I went on a deluxe tour that covered all parts of the site, and it was definitely worth the time. I had been to this house a few years ago, but it looks completely different now. The Martin House Restoration Corporation (the non-profit that is restoring the house and raising money) has rebuilt portions of the complex that were torn down in the 1960s. In the last few years, the pergola and carriage house have been rebuilt and the gardener’s cottage was purchased and opened to the public this summer.
This was one of Wright’s finest buildings, done at the peak of his career. I highly advise you to visit if you are in the area. I’ve heard that Wright kept the drawings for this house pinned up in his office for the rest of his life after it was completed.
The Graycliff House from the driveway
The other Wright complex I visited was the Graycliff estate, in Derby NY (only about half an hour from downtown Buffalo). I mentioned this house before in an earlier post, but I didn’t give any of the background. This house was also designed for the Martins, but Mrs. Martin was the main client here as opposed to the city house where her husband was in control. She wanted a light-filled and airy summer escape on the shore of Lake Erie. Wright obliged by giving her a fantastic house on a 70 foot cliff. The first floor is glass on both sides and very thin so that from the front, a visitor can see the water and the horizon through the living room.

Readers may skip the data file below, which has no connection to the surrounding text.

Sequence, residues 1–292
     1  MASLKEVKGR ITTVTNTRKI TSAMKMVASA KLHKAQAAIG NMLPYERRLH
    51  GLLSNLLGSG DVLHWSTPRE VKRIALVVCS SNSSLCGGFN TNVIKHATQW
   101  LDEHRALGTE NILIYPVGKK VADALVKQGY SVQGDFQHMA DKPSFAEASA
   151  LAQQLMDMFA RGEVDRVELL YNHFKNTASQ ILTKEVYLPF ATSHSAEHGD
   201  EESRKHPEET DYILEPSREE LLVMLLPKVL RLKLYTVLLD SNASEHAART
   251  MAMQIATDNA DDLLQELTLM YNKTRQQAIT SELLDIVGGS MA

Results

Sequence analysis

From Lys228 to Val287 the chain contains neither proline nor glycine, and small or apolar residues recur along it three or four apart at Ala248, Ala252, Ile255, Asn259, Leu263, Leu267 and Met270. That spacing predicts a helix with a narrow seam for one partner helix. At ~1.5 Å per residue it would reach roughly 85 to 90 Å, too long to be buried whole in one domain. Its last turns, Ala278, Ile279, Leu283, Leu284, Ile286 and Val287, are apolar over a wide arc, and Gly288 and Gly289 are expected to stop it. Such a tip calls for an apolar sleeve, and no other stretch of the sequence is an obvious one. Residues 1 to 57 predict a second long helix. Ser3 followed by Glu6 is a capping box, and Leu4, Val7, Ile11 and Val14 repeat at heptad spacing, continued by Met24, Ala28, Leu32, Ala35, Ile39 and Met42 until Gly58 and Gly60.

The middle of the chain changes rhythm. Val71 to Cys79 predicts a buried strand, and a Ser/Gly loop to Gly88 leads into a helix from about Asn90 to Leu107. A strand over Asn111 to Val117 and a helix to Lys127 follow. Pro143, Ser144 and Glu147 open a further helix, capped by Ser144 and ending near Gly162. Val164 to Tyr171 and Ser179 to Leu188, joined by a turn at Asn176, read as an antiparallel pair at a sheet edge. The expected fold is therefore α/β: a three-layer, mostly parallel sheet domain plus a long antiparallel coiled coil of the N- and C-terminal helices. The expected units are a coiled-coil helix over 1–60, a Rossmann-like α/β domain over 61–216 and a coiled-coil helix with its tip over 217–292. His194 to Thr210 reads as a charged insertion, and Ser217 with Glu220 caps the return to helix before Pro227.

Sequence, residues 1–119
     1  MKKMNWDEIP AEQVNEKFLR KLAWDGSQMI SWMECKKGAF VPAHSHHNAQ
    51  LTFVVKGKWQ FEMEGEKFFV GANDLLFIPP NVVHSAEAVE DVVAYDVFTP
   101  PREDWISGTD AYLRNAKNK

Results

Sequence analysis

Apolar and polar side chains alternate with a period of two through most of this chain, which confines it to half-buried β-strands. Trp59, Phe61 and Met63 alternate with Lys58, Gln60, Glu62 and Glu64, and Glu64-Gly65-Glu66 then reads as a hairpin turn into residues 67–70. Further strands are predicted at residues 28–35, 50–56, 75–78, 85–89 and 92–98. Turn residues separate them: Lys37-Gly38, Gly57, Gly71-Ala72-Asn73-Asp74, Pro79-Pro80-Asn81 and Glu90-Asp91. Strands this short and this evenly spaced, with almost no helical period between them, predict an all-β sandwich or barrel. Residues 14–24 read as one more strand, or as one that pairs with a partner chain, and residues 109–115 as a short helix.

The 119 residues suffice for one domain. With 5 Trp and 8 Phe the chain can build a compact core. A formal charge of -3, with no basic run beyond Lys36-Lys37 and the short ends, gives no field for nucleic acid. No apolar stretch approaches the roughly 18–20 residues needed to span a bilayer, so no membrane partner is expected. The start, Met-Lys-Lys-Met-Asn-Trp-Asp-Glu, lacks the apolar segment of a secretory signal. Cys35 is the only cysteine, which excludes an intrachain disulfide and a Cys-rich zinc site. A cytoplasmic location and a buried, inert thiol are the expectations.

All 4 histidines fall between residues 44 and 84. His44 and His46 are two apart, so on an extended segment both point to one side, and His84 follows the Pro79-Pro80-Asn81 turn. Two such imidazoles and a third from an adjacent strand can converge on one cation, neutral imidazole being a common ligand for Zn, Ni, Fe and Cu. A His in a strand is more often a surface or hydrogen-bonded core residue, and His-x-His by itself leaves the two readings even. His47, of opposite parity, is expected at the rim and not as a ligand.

This house was much better preserved because it has never been vacant. A religious group (the Parist fathers, a group of priests from Hungry) owned it and lived there until a few years ago when it was purchased and restoration began. The priests never tore down any of the original buildings, so the work necessary here is not as extensive as at the Buffalo house.